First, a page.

, Volume 1, Issue 1, pp 89-118
Date: 30 Nov 2010

Genuinely collective emotions

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Abstract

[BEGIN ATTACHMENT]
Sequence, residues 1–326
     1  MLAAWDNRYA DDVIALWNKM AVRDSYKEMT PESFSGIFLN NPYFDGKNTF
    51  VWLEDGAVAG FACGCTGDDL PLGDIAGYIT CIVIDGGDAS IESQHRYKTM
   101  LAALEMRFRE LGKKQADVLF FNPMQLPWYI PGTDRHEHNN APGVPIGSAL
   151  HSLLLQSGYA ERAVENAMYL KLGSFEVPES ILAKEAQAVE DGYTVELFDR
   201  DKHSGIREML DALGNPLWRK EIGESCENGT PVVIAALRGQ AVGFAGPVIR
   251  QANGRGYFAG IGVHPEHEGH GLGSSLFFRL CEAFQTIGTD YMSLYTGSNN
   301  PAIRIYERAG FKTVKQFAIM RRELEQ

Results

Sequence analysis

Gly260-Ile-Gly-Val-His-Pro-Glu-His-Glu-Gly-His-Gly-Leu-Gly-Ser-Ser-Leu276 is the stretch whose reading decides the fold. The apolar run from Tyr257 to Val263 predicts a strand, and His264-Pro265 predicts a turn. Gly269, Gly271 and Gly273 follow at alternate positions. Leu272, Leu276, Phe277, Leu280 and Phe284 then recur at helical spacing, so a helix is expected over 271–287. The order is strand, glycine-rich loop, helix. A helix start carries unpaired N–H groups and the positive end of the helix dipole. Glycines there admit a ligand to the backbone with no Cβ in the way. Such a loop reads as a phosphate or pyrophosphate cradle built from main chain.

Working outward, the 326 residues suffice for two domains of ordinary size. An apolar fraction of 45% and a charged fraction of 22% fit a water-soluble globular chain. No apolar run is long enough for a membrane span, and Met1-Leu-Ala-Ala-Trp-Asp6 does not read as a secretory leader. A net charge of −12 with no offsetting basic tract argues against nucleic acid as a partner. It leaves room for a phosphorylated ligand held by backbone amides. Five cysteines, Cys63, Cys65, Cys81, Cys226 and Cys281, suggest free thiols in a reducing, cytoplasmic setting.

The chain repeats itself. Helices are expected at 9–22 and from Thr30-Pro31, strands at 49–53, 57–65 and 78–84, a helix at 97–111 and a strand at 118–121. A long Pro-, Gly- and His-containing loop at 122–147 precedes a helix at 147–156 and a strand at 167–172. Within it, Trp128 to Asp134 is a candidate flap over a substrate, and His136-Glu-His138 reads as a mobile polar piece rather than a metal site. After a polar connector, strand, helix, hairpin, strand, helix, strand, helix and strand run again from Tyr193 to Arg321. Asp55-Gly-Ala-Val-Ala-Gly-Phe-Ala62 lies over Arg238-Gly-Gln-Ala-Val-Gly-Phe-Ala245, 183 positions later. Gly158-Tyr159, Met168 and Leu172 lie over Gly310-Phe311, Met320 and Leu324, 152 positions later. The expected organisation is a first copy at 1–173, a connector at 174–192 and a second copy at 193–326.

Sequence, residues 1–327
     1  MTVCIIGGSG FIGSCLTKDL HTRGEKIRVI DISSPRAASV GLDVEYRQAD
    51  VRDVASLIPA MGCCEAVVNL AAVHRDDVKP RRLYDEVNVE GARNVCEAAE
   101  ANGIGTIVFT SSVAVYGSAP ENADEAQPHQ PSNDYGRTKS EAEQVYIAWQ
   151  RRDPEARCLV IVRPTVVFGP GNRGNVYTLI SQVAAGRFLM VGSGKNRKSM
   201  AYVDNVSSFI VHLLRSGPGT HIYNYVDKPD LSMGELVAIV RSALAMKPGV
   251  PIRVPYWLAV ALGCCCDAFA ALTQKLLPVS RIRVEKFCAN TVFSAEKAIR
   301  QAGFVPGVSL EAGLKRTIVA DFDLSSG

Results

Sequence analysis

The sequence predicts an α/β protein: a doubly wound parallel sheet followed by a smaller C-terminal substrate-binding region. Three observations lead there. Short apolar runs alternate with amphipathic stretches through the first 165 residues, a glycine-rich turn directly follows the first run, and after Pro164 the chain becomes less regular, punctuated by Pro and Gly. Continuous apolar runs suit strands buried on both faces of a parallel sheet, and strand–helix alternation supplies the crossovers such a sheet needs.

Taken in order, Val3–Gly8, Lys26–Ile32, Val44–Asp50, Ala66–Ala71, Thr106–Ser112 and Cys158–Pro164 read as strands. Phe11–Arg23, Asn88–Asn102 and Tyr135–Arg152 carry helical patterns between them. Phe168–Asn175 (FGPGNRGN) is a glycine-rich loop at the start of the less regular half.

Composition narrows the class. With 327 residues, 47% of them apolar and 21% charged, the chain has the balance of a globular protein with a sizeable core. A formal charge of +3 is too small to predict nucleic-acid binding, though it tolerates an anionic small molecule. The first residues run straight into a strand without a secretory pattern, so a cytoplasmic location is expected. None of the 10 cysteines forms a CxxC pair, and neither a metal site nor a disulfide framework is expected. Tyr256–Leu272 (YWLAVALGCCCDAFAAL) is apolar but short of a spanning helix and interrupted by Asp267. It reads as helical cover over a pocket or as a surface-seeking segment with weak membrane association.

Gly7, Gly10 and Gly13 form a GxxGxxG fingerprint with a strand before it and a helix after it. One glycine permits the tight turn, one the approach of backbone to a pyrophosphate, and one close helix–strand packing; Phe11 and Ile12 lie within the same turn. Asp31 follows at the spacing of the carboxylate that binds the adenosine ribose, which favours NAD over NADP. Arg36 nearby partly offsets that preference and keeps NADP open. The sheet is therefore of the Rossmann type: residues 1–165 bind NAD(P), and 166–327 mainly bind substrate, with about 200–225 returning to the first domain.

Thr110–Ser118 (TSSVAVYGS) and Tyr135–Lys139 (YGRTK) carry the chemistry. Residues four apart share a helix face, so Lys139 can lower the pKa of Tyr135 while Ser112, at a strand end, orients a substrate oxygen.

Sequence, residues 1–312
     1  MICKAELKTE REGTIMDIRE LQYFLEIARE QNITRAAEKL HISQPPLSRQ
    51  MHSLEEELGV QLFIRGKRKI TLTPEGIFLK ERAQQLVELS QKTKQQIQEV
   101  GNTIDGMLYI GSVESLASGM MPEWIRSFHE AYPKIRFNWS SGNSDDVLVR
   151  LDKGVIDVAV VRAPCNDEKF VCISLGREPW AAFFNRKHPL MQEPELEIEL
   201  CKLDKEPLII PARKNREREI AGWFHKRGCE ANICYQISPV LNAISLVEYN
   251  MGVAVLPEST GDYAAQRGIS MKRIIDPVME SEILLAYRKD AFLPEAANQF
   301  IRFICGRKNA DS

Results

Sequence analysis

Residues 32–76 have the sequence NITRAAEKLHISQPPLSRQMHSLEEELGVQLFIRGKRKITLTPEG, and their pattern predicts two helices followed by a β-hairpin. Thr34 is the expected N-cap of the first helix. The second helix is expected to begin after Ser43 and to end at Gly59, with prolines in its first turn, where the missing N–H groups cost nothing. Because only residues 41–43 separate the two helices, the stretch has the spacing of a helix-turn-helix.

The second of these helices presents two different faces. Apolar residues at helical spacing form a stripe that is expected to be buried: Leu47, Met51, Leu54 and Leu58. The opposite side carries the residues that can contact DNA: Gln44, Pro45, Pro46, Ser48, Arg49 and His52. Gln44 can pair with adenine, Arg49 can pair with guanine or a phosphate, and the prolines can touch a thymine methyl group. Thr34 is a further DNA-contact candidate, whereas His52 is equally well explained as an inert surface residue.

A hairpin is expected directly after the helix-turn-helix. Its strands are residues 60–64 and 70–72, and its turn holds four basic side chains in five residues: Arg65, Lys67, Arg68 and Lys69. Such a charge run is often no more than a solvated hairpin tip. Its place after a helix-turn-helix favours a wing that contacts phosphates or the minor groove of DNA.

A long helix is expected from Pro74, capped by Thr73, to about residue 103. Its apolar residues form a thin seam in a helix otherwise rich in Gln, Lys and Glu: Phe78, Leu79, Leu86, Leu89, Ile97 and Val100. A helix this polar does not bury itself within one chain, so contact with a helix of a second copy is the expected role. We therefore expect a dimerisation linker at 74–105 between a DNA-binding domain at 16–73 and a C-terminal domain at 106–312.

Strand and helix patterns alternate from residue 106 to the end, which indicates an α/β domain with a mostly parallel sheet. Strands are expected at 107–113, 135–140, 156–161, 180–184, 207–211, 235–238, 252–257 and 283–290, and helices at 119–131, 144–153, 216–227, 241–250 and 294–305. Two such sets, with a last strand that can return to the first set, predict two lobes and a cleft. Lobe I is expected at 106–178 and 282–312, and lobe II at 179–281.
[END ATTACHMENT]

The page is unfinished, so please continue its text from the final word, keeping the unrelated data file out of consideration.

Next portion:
It is received wisdom in philosophy and the cognitive sciences that individuals can be in emotional states but groups cannot. But why should we accept this view? In this paper, I argue that there is substantial philosophical and empirical support for the existence of collective emotions. Thus, while there is good reason to be skeptical about many ascriptions of collective emotion, I argue that some groups exhibit the computational complexity and informational integration required for being in genuinely emotional states.